Mice studies have revealed that naproxen reduced the incidence of bladder cancer by 75 percent in rats, and intermittent dosing with naproxen (three weeks on the drugs, followed by three weeks off) was highly effective and likely to reduce gastric toxicity.
Naproxen is a non-steroidal anti-inflammatory drug (NSAID), and unlike most NSAIDs and aspirin, it has a lower cardiovascular risk and does increase the risk for gastric ulcers or bleeding. Researchers from the University of Michigan, the National Cancer Institute and the University of Alabama looked at naproxen' effects, with or without proton pump inhibitor omeprazole, on cancer prevention in a rat model of bladder cancer.
They found that naproxen reduced the incidence of bladder cancer by almost 75 percent, and omeprazole by itself did not affect the development of cancer but it also did not interfere with the effect of naproxen at preventing tumors. The rats who received naproxen alone or naproxen with omeprazole developed cancer at similarly low rates, while all rats who received omeprazole alone or no treatment developed bladder cancer.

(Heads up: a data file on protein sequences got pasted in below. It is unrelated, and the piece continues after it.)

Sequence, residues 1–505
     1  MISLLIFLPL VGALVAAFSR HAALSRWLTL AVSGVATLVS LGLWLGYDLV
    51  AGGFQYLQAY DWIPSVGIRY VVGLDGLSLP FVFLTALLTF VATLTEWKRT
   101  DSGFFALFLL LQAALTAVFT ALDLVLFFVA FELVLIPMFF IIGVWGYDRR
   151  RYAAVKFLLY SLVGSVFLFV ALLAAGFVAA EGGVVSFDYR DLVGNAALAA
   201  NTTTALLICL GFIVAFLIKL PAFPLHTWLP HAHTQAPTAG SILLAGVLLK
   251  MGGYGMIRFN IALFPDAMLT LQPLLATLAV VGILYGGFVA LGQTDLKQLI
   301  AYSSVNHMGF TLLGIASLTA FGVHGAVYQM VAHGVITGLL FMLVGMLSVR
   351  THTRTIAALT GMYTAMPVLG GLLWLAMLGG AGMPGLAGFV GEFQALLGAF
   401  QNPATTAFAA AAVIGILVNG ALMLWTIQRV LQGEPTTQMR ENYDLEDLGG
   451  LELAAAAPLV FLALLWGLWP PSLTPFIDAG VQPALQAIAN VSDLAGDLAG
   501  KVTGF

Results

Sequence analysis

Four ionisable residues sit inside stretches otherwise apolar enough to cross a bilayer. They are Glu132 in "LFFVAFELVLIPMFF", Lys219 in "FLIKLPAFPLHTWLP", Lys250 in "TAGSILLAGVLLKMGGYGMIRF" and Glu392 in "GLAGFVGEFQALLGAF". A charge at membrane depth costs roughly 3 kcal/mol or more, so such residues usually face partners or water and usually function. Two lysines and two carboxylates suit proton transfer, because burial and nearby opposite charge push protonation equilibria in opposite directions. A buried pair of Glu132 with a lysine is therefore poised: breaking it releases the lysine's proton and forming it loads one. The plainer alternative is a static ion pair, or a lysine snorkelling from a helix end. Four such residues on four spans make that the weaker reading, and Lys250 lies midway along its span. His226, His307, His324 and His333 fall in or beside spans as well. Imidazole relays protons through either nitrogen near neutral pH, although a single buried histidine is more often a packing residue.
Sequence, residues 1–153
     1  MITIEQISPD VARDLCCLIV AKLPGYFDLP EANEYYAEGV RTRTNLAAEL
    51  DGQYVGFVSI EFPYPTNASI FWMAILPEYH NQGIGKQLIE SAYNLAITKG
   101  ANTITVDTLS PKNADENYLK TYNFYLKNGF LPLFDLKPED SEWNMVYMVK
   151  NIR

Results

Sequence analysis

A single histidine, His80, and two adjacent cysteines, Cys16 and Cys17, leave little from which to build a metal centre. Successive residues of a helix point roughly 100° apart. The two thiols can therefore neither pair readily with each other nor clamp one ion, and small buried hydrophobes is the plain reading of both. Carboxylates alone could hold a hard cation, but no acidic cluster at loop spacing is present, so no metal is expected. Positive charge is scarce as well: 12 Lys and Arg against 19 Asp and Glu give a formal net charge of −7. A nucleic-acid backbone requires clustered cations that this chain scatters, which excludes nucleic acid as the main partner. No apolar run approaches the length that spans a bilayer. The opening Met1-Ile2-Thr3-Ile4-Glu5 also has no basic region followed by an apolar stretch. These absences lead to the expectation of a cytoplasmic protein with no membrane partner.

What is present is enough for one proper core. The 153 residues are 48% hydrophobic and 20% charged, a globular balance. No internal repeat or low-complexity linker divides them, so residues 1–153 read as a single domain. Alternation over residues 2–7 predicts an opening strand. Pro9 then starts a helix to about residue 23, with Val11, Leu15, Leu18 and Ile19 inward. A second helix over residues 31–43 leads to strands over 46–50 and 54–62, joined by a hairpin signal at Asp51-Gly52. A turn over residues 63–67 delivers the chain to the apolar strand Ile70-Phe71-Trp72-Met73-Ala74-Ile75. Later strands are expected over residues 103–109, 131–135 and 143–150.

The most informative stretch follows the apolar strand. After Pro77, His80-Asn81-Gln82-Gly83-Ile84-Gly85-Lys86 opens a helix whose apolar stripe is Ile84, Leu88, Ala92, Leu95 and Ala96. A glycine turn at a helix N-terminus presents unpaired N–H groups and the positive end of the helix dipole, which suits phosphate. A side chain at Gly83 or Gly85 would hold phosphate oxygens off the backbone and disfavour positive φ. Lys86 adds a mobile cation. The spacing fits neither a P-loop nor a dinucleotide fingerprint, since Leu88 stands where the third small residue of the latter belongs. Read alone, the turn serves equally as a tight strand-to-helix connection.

Study author James Scheiman said, "Naproxen is a great candidate for chemoprevention. It comes with a risk of gastrointestinal side effects, but if you can mitigate that with a co-prescription, it's possibly an ideal chemoprevention drug." The researchers hope to plan a clinical trial to look at naproxen plus omeprazole in people at high risk of colon or other cancers.
The study has been published in the American Association for Cancer Research journal 'Cancer Prevention Research'.